It’s fair to say that when Hyundai’s i30N hot hatchback was launched last year, it came as a bit of a shock to the car world. Seemingly out of nowhere, a relatively fringe manufacturer produced a car that gave so many of the established hot hatch manufacturers a real run for their money.
Now with the hatchback segment thoroughly shaken up, Hyundai are back with the same basic ingredients, this time in a sleek coupe body. The formula for the new i30 Fastback N is tried and tested, and follows in the steps of cars like the BMW 2 Series. You take an existing hatchback, give it a sleek new side profile, and you’re left with a small, practical coupe.
In this case the result is a good looking 5 door coupe, with a familiar chiseled front end straight off the hot hatch that was so popular last year, and a new rear that feels like a good translation of the original car’s design, with features like the big diffuser and twin exhausts carried across.
Hyundai may be newcomers to the performance car sector, but they’ve certainly been making up for lost time. In motorsport, they’ve taken second place in the World Rally Championship for the last three years running, and they’ve just won the driver and team titles in the World Touring Car Championships – a fact that’s made all the more impressive when you realise that they only created their motorsport division in 2013. From a design and development point of view, they’ve set up a new test centre at the Nurburgring in Germany (one of the reasons an “N” adorns their performance models) as well as hiring the former head of BMW’s M-Division, Albert Biermann. All of this can only mean one thing. This is not just an exercise in badge branding for Hyundai. They are serious about breaking into the performance car world.
With all that in mind, it’s not so surprising that the i30 Fastback N drives well. It’s no slouch, particularly for the sub £30k market it sits in (albeit with only £5 to spare). There are two power options available, but the UK only gets the ultimate N Performance version with 275hp, providing a 0 – 62 time of 6.1 seconds. In a world of sub 5-second AWD super hot hatch cars, it’s very easy to disregard that as slow, but as with all things, it’s relative. Hyundai has to be applauded for being less preoccupied with making the N a Top Trumps winner and focusing more on making the overall package as appealing as possible in its price range. It’s brilliantly balanced, fantastically well equipped and most importantly – fun.
It can’t be overstated just how important that is for a car of this type, but it’s so often overlooked in the search for increasingly impressive numbers. Of course, it’s not an exact science, there’s no “grin measurement scale”, and it’s ultimately subjective. But imagine if you will, meandering down a beautiful winding (closed) coastal road, grabbing second gear with the slick 6 speed manual gearbox on approach to a hairpin bend, turning in to clip the apex, and accelerating away whilst the exhaust fizzes behind you, cracking on every up shift. For any petrol head, that has to be enjoyable.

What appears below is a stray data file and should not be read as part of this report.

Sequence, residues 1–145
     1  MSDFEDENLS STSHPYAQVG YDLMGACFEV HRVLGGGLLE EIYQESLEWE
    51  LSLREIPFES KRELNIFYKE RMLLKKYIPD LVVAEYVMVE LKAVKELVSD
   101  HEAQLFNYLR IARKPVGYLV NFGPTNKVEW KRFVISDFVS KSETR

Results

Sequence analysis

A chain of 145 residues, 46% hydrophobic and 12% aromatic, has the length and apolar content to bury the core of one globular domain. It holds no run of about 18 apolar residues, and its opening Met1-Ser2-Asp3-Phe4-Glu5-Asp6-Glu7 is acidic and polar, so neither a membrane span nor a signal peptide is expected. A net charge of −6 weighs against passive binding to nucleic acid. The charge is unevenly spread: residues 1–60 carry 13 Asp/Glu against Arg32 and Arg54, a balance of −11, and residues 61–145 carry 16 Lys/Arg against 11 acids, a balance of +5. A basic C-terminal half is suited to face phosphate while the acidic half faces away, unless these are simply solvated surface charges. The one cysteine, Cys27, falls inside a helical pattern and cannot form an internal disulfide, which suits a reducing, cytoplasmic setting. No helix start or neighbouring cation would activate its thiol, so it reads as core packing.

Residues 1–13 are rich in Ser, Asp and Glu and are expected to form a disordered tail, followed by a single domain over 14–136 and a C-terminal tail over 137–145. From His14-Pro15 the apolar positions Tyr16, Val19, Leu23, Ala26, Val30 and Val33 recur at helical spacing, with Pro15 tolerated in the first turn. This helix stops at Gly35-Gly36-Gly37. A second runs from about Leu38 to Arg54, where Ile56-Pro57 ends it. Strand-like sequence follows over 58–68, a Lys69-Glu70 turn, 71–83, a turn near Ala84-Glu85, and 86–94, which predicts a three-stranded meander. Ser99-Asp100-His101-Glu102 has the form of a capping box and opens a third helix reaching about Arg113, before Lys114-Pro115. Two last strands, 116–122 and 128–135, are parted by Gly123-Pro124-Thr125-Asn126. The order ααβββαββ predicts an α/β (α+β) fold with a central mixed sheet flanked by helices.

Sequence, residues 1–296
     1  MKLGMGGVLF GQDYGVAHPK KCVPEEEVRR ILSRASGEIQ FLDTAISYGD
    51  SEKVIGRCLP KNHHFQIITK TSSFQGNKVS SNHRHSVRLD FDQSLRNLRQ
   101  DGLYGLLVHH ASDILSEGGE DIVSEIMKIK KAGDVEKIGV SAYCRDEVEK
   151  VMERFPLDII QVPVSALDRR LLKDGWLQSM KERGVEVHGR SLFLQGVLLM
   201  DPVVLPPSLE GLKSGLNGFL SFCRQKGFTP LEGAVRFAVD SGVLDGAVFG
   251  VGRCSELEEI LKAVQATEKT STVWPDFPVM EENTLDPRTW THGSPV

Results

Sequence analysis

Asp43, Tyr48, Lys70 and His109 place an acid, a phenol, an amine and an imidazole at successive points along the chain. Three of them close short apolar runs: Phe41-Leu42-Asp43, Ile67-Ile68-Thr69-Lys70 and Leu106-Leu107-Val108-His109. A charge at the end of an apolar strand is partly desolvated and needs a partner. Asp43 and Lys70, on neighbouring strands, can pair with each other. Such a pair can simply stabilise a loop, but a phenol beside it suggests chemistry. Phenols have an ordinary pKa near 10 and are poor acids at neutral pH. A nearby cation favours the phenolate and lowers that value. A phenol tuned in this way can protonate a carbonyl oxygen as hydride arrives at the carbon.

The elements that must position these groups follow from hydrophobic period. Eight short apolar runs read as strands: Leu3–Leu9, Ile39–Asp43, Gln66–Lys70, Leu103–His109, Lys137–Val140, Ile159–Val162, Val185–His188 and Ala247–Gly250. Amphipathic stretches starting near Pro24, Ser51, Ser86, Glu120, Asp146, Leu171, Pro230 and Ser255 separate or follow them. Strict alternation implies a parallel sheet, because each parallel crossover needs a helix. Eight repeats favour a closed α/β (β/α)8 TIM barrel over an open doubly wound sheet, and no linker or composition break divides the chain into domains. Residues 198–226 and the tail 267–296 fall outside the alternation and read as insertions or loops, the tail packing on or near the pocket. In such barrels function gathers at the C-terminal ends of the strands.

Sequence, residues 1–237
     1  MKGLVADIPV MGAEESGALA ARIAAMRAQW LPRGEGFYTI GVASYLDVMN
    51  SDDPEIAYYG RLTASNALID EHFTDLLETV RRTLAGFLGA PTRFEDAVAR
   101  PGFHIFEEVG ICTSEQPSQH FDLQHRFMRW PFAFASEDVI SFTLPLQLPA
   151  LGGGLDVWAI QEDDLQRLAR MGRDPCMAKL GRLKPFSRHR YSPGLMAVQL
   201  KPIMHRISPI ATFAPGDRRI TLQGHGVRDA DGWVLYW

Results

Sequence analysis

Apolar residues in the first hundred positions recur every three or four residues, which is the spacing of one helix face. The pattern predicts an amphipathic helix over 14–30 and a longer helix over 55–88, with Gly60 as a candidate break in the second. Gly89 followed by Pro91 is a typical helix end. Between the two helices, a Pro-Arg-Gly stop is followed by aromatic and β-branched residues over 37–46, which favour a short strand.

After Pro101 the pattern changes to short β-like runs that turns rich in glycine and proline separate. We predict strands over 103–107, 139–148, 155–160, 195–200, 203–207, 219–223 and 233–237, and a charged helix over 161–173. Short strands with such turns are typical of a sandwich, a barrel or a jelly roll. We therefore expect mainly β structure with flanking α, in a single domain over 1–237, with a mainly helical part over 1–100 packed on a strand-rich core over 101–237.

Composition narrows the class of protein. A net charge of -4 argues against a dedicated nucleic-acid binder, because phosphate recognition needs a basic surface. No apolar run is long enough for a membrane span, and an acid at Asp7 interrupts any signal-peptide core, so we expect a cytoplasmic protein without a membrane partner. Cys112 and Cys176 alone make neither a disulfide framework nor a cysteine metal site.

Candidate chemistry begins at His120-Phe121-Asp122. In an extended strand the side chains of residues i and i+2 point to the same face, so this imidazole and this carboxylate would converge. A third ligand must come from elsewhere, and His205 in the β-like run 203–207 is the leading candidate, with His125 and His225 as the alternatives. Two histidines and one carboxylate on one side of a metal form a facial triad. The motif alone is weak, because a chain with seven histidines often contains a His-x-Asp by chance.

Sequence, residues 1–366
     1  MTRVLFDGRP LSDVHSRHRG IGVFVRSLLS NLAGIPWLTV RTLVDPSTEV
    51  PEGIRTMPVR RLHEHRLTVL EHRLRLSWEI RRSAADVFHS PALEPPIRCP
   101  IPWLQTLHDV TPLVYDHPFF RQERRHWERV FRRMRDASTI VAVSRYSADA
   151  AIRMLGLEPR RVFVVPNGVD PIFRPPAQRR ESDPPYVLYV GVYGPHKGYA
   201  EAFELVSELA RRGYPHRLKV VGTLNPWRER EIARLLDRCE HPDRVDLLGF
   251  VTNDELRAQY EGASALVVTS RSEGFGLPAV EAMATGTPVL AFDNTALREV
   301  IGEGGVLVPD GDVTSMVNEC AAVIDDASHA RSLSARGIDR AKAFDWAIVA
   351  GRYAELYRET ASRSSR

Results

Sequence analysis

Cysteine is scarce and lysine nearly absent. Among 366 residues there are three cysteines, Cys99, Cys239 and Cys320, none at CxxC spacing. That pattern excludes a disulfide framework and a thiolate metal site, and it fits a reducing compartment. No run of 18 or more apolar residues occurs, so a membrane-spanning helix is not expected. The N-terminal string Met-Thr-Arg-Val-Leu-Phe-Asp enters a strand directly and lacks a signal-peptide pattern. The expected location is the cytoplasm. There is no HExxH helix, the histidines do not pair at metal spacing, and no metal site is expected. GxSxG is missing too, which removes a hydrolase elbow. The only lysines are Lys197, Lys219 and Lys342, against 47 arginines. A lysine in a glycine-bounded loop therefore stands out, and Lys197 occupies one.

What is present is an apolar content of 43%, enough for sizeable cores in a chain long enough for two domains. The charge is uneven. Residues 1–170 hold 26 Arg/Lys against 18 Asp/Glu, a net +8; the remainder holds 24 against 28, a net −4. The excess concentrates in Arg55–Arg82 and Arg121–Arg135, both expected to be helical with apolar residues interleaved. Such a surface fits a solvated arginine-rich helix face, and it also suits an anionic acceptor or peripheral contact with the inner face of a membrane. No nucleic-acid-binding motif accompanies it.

There are five driver modes – Eco, Normal, Sport, N and N Custom, with each of the first four modes progressively sharpening up the engine response, steering, and dampers, as well as backing off the safety aids to give the driver more control. N Custom lets you programme in bespoke settings and provides an astonishing 1,600 different combinations. That might sound like a bit of a gimmick, but it’s genuinely useful. For example, we drove the car in full Nurburgring-munching “N” mode, but to avoid too much camera wobble whilst filming, we had the suspension in its softest setting. All this can be done literally in seconds from the steering wheel and touchscreen.
The two N modes are also where you can take advantage of the “emotionally enhanced” exhaust, as Hyundai calls it. Put simply, in the more restrained drive modes, the car is throaty, but still refined. “N” and “N custom” changes all that. Suddenly it’s bellowing on acceleration, popping on up-shifts, and burbling on overrun. The fact it can have this sudden Jekyll and Hyde-like transformation mean that of course it’s all mapped into the engine, and is there for artificial. But that doesn’t make it any less entertaining.
The interior is carried across from the Hatchback with only some red trim and different coloured mode buttons on the steering wheel to distinguish this from the Hatchback. That is until you look up to the rear view mirror and notice the not-so-good rear visibility. A price you have to pay for that swooping rear end. It feels solid and well put together, with nice materials and switchgear. A huge departure from Hyundai of old. The boot is surprisingly large for this segment, with 436 litres of space, or 1,337 litres if you drop the seats. Slightly more, in fact, than the i30N Hatchback which certainly raised a few eyebrows within the team.
In almost every other respect, the Fastback is identical to the Hatchback, as is to be expected. Some may see the lack of distinguishing features as a disadvantage, but there was a whole lot to like about the original car, so why change it? As an overall car, with everything considered, both the i30 N models make a real case for themselves, whilst having slightly different personalities. It will be interesting to see how potential buyers vary between the two. If you’re curious, go and take a test drive. Forget any stigma that might surround the badge. This is a manufacturer that has probably had one of the fastest rates of product improvement in the last 10 years, and it really shows when you’re behind the wheel.
And remember, this is really their first go at making a car like this. For them to be this comparative from a standing start is simply amazing, and it’s safe to say the competition should be worried about what comes next.
For more, watch our full video review here, including some incredible closed roads in Gran Canaria, Spain.